Bringing your baby into the world is a marathon, not a sprint. And you wouldn’t try to run a marathon without preparation. In order to give yourself the best shot at a positive, empowering birth experience, you should also do some preparation. Childbirth requires endurance, strength, flexibility, and the right mindset. Let’s talk about how to prepare your body for labor.
Estimated reading time: 10 minutes
Table of contents
- Prepare Your Body for Labor: Strength & Stamina
- Prepare Your Body for Labor: Flexibility
- Prepare Your Body for Labor: Rest
- Prepare Your Body for Labor: Nourishment
- Prepare Your Body for Labor: Practice Coping Skills
- Prepare Your Mind for Labor
Prepare Your Body for Labor: Strength & Stamina
With labor, unlike preparing your body for a marathon, you can’t just “do the actual thing” in order to get better at doing it. To practice running, you just run. To practice swimming, you swim. You can’t experience contractions until the big day, of course. But you can increase your body’s stamina by doing any kind of exercise. And to use the sports metaphor again, think of it like cross-training. Running doesn’t directly teach you to be better at the mechanics of swimming — the actual strokes and kicks — but it absolutely does help by making your heart and lungs stronger and more efficient.
How Should I Exercise to Prepare My Body for Labor?
Don’t stress about how to suddenly become an athlete. Just move. Do things that you enjoy. Walk. Dance. Swim. (Swimming can be an especially good choice later in pregnancy when your body feels heavy and uncomfortable. The weightlessness of being in water can feel so good to an achy pregnant body.) Ride a stationary bike while you listen to an audiobook or even binge a show. You’re more likely to stick with exercising if you enjoy it, so figure out what you find enjoyable.
Aim for 30 minutes of activity a day at least five days a week (1). Get your heart rate up a bit, (though aim for being able to still comfortably hold a conversation). Work on strengthening your core muscles. And don’t forget about those kegels and pelvic floor exercises! They help not only during labor, but also in recovering more quickly and being less likely to suffer from incontinence after your baby is born.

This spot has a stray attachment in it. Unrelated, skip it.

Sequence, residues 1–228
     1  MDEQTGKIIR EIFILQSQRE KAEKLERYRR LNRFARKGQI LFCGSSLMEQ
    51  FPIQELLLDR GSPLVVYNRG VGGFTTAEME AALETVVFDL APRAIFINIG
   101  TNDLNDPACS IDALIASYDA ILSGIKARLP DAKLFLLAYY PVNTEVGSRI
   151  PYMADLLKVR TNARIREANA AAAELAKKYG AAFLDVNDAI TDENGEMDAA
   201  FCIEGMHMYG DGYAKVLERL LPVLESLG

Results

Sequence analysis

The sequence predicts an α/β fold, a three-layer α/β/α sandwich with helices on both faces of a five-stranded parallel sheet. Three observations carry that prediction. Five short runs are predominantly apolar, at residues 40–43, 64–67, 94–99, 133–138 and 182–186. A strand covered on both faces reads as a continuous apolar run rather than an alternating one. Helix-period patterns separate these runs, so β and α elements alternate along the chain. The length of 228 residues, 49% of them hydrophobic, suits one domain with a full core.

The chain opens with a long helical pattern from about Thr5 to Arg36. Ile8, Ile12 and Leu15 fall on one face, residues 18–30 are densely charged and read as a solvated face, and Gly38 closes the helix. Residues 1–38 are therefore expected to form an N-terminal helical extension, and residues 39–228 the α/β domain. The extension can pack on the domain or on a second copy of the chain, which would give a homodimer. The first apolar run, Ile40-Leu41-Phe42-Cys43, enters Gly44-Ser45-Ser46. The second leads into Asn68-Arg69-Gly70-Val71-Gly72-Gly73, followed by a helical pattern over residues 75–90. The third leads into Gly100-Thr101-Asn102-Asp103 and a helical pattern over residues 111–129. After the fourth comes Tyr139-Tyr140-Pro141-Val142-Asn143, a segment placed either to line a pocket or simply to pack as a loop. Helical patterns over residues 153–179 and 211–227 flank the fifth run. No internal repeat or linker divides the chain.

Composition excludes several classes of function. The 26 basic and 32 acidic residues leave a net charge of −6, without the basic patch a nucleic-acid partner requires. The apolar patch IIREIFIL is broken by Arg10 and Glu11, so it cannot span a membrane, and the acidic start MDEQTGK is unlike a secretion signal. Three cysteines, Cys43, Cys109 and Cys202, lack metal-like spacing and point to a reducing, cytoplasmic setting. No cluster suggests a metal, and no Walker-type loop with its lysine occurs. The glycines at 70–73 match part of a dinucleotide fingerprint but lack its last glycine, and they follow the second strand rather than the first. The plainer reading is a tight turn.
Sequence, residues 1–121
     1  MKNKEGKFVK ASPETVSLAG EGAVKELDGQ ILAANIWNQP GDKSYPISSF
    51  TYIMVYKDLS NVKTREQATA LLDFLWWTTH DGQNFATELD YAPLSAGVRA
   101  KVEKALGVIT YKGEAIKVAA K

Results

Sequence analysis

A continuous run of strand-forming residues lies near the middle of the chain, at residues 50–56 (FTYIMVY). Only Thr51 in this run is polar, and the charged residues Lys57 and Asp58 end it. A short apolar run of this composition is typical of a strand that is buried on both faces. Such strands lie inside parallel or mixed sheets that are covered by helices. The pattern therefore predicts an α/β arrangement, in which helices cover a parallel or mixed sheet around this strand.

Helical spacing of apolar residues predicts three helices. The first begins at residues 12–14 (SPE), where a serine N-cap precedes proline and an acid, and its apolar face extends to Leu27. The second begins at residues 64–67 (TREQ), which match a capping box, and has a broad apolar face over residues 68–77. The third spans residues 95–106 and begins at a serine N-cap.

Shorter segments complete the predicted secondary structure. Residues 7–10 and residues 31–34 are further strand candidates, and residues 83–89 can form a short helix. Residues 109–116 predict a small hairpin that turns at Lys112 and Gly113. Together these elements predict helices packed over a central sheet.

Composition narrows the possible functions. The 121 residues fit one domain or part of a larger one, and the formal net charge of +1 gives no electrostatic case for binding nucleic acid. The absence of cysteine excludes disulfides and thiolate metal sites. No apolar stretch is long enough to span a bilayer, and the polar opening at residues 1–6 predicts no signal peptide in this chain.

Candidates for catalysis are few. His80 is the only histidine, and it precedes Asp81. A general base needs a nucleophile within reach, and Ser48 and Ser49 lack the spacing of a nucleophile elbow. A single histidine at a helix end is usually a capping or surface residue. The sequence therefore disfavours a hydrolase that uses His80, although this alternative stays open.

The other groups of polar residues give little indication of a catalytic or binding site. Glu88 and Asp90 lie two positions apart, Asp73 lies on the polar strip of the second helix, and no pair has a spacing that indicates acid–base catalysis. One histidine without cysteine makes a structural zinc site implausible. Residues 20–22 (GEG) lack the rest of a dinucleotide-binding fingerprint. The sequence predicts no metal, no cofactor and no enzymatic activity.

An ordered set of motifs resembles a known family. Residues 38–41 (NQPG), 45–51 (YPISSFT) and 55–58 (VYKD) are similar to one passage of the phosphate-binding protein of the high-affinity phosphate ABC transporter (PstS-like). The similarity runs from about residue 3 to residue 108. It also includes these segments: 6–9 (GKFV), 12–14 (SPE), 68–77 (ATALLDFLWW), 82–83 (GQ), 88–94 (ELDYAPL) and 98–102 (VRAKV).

Learn More: Exercise During Pregnancy: Benefits and Safety
What Exercises Should I Avoid When I’m Pregnant?
Always ask your doctor or midwife about exercising during pregnancy, because each situation is different. However, if mom and baby are both healthy and your pregnancy is normal, there are usually no restrictions. If you were active before pregnancy, you’re most often okay to continue with pretty much the same level of activity. If you weren’t active before pregnancy, start slow and build yourself up to more. Either way, the main things to avoid during pregnancy are high-impact activities, contact sports, or activities that increase the risk of falling. (And remember that as your joints loosen and your shape changes, you’re more likely to lose your balance.)
What are Signs that I Should Stop Exercising?
Stop exercising right away if you experience dizziness, nausea, faintness, or shortness of breath (1). Also stop immediately if you experience contractions, vaginal bleeding, or any fluid leaking from your vagina.
Prepare Your Body for Labor: Flexibility
Something that you can do throughout your pregnancy to prepare your body for labor is to stretch and work on flexibility. Stretching can help not only with preparing your body for labor, but also with the aches and pains that pregnancy so often brings. Prenatal yoga classes, either online or in person, are a great option for strengthening your body, increasing your flexibility, and helping you relax and feel grounded.
But in terms of specifically preparing your body for labor, one thing you should focus on is opening up your pelvis. Simple movements like hip circles on an exercise ball, hula hooping, or dancing can all help loosen and open your pelvis. Flexibility in the muscles and ligaments of the pelvis will help improve baby’s position and descent.